A Connecticut high school teacher has lost his battle to regain his job after he was let go over his MySpace page.
in 2005, school officials asked him to pull it down, saying he had inappropriate interactions with student. He did, but re-posted under a different name. That's when he was suspended. At the end of the school year, his contract wasn't renewed. Spanierman filed a lawsuit, but after a three year court battle, a judge recently threw out his case.
The judge cited two reasons: first, because he wasn't a tenured teacher; second, because, 'All the evidence indicates that the action taken against the plaintiff resulted from his interaction with Emmett O'Brien students."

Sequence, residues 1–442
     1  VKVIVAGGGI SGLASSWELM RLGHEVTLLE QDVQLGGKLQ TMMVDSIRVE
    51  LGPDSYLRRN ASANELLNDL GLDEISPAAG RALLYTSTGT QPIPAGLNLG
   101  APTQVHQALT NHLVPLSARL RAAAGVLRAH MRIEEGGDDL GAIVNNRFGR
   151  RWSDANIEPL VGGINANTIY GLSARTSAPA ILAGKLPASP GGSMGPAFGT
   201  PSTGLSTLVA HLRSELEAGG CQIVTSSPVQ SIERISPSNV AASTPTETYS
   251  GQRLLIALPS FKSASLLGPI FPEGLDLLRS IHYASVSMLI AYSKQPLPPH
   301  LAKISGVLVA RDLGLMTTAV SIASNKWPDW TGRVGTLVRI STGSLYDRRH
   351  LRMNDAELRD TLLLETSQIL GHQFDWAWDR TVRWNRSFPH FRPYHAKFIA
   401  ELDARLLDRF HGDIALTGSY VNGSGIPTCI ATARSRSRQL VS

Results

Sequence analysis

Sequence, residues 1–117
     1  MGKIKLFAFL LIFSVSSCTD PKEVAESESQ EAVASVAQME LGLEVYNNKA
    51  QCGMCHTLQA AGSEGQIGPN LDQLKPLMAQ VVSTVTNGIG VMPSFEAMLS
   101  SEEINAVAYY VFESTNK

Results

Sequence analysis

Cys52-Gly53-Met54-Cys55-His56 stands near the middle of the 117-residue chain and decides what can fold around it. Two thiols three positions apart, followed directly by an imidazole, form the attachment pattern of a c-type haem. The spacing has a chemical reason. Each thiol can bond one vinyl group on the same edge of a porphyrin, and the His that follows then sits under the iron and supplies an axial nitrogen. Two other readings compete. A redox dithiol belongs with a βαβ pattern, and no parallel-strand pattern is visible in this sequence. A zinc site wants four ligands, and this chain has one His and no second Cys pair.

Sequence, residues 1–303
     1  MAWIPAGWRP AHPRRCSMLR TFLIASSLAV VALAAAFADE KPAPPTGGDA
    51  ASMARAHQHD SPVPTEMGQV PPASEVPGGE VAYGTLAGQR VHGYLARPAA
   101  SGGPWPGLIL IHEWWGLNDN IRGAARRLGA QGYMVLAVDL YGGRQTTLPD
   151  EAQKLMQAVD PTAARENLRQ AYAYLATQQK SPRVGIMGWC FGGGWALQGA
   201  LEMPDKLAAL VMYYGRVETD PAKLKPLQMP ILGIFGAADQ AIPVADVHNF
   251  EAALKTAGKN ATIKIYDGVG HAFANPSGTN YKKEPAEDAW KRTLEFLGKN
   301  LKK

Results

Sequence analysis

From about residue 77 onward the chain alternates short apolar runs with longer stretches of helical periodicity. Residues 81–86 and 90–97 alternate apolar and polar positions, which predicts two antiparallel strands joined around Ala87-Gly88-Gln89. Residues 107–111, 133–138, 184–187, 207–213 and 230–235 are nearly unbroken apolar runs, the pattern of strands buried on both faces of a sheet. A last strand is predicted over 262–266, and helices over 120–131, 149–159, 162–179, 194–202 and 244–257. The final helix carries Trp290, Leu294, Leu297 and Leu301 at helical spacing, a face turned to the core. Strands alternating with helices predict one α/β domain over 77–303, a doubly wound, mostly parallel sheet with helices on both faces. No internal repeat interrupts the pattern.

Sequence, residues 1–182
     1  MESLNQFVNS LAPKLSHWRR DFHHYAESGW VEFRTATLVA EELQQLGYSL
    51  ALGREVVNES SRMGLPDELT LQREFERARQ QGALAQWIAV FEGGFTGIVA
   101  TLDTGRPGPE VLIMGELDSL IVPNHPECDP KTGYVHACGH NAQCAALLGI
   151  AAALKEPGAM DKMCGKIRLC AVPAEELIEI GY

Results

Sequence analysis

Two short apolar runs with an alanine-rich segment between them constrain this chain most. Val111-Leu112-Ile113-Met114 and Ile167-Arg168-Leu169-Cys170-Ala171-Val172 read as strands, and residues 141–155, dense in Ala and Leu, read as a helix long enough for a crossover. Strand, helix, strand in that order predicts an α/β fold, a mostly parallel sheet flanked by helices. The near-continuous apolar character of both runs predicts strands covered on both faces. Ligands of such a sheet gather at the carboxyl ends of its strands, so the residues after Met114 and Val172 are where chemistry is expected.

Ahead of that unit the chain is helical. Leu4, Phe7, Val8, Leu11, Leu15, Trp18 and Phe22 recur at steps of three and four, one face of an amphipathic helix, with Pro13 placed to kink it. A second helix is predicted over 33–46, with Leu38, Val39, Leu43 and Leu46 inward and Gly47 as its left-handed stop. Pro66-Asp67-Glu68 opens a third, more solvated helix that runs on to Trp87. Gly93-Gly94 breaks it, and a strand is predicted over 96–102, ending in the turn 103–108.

Many students said they see nothing wrong with a teacher and student interacting on line, but a retired school administrator said it can create a distraction in the classroom.
The court determined Spanierman went over the line in one online conversation with a sexually charged comment.
Spanierman wrote: "what makes you think I want any? I'm not jealous. I just want to have fun and goof on you guys."
The Ansonia case is closed, but the question of teachers being on social network websites continues. An assistant superintendent of Schools in West Hartford said teachers simply need to use good judgment.